IRR(values, [guess])

  • Values Required. An array or a reference to cells that contain numbers for which you want to calculate the internal rate of return.
  • Guess Optional. A number that you guess is close to the result of IRR.

For more information on how to use IRR function, please refer to the Microsoft Support web site for more information. (

The XIRR is much more useful and powerful. It does the calculation based on both cash flow and dates. It allows payments on daily, weekly, monthly, annual, and even with irregular dates. It calculates the Internal Rate of Return based on Actual/365 accrual basis. The formula that is equivalent to XIRR function is as below.

pic1 irr

The formula indicates that the Yield is raised to power of the date difference over 365 to calculate the present value of individual payments. Therefore, there is no other choice for the user when he encounters bonds with different accrual basis. The syntax of the XIRR function is as below:

XIRR(values, dates, [guess])

  • Values Required. A series of cash flows that corresponds to a schedule of payments in dates. The first payment is optional and corresponds to a cost or payment that occurs at the beginning of the investment. If the first value is a cost or payment, it must be a negative value. All succeeding payments are discounted based on a 365-day year. The series of values must contain at least one positive and one negative value.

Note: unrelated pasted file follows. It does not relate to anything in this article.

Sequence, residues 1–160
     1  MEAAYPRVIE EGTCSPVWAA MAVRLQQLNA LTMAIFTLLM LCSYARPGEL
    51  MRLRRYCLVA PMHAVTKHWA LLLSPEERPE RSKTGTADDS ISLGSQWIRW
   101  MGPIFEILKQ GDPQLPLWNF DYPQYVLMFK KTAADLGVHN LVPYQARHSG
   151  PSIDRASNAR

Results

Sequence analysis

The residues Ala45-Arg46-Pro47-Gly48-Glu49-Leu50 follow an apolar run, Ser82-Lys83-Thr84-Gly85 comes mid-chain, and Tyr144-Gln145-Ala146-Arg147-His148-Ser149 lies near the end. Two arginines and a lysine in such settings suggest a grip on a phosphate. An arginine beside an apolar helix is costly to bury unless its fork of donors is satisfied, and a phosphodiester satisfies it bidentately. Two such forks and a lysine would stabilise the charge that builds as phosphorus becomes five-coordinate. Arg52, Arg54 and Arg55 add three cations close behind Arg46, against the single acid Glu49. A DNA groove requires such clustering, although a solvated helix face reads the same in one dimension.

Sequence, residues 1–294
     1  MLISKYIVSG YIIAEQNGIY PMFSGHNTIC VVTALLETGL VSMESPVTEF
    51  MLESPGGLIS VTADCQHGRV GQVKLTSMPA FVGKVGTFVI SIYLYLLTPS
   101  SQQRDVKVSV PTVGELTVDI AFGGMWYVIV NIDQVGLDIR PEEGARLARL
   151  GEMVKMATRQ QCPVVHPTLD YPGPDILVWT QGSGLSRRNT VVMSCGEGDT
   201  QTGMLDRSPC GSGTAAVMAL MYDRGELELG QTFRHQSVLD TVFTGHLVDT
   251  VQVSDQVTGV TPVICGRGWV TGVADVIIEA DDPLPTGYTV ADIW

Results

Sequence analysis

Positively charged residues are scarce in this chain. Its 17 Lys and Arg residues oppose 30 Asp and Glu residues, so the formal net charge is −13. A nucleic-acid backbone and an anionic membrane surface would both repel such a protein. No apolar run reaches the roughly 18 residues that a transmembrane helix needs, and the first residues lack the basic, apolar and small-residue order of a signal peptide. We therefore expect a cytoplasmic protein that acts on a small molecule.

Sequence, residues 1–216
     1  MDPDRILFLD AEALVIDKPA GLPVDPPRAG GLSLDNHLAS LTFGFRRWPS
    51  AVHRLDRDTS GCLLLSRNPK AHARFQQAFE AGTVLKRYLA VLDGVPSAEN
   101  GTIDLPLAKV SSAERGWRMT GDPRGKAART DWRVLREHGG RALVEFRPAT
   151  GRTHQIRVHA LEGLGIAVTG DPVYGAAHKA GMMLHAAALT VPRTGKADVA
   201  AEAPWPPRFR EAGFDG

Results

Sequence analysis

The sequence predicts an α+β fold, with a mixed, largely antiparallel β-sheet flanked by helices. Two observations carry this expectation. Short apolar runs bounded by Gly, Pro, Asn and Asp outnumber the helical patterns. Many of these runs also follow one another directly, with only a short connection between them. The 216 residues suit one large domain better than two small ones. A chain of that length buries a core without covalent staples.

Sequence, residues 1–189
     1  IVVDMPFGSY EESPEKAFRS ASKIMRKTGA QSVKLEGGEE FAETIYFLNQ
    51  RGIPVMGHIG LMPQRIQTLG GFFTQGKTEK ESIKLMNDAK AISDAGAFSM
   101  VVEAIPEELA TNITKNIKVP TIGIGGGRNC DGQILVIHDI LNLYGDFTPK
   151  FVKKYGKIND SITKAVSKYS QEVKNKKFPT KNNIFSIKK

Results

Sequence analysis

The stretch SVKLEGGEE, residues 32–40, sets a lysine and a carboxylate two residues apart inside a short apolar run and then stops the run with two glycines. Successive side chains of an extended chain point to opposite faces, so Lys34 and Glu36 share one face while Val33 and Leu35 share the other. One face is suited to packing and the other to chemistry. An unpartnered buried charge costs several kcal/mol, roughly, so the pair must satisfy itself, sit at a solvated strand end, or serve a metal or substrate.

• Dates Required. A schedule of payment dates that corresponds to the cash flow payments. Dates may occur in any order. Dates should be entered by using the DATE function, or as results of other formulas or functions. For example, use DATE(2008,5,23) for the 23rd day of May, 2008. Problems can occur if dates are entered as text. .
  • Guess Optional. A number that you guess is close to the result of XIRR.

For more information on how to use XIRR function, please refer to the Microsoft Support web site for more information. (

Luckily, we are not totally hopeless if we need to calculate the IRR with different accrual basis. We have two options: use the Goal Seek function in Excel or write a VB module to automate the calculations. Please refer to another article that I wrote (Use Goal Seek command to reverse engineer desired results) for more information how to use goal seek function.